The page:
Missouri divorce laws apply to the key issues in legal separation, so parties must address:
- Property Division: Missouri uses the law of equitable distribution when dividing up the real estate, personal property, and debts that the parties acquired during the marriage. These items are distributed between the parties according to the interests of fairness, so there may not be an exact 50-50 split. Any property owned before the marriage, gifts, and inheritances belong to the individual spouse. Equitable distribution rules also apply when a court enters an order on property division for legal separation.
- Alimony: Either party may request spousal support when going through legal separation, and a court may award it as necessary to balance the financial disparities between the spouses. The judge will look to numerous factors to determine the type, amount, and duration.
- Issues Related to Minor Children: Parents who will remain married but do not live under the same roof must address the needs of their children. Child custody involves how parents make the important decisions on how to raise the child, including education, extracurricular activities, living arrangements, and much more. The non-residential parent will exercise visitation rights according to the parenting time schedule.
Both custody and visitation are determined according to the child’s best interests standard, a list of factors the judge reviews to ensure the child’s well-being, safety, and development. The Schedule of Basic Child Support Obligations is used to assess child support. The guidelines apply the income shares method of calculating child support, so a court will look at all earnings of both parents.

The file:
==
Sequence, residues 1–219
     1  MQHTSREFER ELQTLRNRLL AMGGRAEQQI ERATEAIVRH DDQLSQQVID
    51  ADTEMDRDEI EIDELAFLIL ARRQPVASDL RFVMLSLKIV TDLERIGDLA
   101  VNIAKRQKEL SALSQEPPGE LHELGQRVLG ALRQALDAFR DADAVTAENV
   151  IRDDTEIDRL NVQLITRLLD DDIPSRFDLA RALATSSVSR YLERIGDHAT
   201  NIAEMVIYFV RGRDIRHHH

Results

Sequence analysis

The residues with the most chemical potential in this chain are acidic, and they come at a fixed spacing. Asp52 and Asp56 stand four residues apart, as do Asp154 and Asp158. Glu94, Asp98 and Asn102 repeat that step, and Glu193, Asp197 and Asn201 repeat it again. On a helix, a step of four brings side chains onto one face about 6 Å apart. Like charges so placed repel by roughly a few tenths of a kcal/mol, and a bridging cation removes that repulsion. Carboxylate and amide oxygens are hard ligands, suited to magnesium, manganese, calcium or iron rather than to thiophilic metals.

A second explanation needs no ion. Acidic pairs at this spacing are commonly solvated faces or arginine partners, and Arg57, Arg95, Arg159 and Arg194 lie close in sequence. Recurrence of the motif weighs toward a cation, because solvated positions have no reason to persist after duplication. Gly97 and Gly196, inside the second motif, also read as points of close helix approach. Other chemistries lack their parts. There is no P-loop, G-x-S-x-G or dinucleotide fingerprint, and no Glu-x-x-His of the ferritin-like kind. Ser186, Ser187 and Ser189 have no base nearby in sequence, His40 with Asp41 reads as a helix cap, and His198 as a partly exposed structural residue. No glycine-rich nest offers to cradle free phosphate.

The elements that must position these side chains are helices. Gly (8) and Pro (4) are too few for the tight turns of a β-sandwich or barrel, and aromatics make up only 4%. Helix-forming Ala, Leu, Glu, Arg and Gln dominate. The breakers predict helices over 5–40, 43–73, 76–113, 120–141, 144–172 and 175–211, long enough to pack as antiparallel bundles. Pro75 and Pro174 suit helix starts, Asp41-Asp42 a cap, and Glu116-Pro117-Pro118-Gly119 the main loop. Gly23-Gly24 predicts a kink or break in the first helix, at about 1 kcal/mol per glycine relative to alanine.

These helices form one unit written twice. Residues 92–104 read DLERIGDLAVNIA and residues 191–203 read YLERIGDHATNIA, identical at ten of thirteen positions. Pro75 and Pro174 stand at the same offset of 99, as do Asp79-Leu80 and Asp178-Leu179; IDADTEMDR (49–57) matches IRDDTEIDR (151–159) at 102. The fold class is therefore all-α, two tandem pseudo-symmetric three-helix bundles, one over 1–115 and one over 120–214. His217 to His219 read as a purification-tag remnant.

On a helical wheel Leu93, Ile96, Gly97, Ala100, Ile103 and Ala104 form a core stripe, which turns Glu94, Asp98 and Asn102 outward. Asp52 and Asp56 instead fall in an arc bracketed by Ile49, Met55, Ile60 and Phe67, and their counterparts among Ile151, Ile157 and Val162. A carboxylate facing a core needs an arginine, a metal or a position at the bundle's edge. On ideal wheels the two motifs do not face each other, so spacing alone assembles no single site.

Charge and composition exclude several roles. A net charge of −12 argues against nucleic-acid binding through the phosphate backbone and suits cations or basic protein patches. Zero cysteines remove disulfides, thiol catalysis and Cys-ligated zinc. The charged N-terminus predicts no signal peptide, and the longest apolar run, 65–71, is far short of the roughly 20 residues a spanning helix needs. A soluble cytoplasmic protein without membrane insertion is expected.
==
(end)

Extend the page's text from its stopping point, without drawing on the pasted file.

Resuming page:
Options for Resolving Legal Separation Issues in Missouri
The above description of property division, alimony, and child-related issues is how to separate maintenance works if a court must decide them. The parties are free to create their own arrangement, and Missouri law encourages you to work out an agreement in these areas. There are benefits to compromising on these topics, including faster time to resolve the case and reduced legal fees. Plus, you retain control over the terms of your legal separation, so you and your spouse can craft solutions that suit your unique needs. Handling separate maintenance issues by agreement may also enable you to resolve your case by reconciliation instead of divorce.